Take a few minutes to think about the material that we’ve covered in this course so far.

Reflect on what you found interesting, surprising, or confusing in this past week. Did anything that you learned cause you to understand an issue and event differently? Have you discovered any habits or tips that help you to complete your course work more effectively or efficiently?

Write: This discussion forum is an opportunity for you to explore topics that interest you, share critical insights and questions that you are working with, share your struggles and triumphs, and discuss difficulties that may have arisen this week, hopefully finding solutions. Your initial post should describe your experiences in the course this past week, prompting further discussion. You should address at least two of the following questions:

  • What struck you in particular as you explored the course materials this week?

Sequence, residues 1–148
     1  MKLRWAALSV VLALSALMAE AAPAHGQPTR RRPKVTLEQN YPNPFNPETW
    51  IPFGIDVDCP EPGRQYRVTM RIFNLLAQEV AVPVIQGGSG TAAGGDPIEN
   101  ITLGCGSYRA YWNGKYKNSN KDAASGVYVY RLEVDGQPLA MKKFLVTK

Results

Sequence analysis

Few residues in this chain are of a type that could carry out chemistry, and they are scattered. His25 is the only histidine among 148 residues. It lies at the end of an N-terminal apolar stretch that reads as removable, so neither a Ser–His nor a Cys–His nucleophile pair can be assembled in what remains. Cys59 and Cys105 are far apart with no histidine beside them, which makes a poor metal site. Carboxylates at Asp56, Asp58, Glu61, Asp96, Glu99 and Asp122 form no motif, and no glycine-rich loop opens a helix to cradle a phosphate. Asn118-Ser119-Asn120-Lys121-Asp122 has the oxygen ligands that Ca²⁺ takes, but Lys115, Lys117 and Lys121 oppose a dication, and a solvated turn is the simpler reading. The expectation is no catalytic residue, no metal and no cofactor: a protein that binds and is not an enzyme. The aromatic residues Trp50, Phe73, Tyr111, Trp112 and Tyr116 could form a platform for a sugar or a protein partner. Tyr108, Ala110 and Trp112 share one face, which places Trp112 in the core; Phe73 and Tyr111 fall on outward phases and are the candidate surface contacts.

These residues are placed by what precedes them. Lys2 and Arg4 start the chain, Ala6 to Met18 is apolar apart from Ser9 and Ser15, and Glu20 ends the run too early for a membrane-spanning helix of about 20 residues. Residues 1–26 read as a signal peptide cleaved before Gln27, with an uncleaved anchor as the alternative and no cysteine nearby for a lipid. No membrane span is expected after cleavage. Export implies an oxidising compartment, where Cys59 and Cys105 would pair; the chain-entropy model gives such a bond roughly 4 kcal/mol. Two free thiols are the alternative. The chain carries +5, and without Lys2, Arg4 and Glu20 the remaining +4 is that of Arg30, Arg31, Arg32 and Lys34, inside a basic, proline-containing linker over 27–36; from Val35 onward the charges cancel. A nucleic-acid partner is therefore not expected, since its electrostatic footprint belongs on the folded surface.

• What insights have you had?
  • What have you been struggling with?
  • What questions have come up for you at this point?
  • Do you have any helpful tips that you’ve picked up in this course or in a past course?
  • Do you have questions about the assignment that your classmates might be able to help with? (If you have a question for the instructor, be sure to contact your instructor through email or in the Ask Your Instructor Forum).

You are required to post at least 100 total words in this forum this week. You can post one time or ten times, the only requirements are that you post at least 100 words total and that you engage in conversation related to course content. Ask questions, answer questions, provide extra resources you found that are interesting, or engage in a debate about something you learned this week. The only requirement is that your comments have to relate to the course content.

Provide a full explanation of the issues that you discuss in your posts. For example, if you write that you had difficulty finding sources for your Final Project, explain where in the process of finding sources you had difficulty. Was it choosing a database to search? Thinking of search terms? Did your search return too many sources that were not relevant to your topic? Did your search return too few results?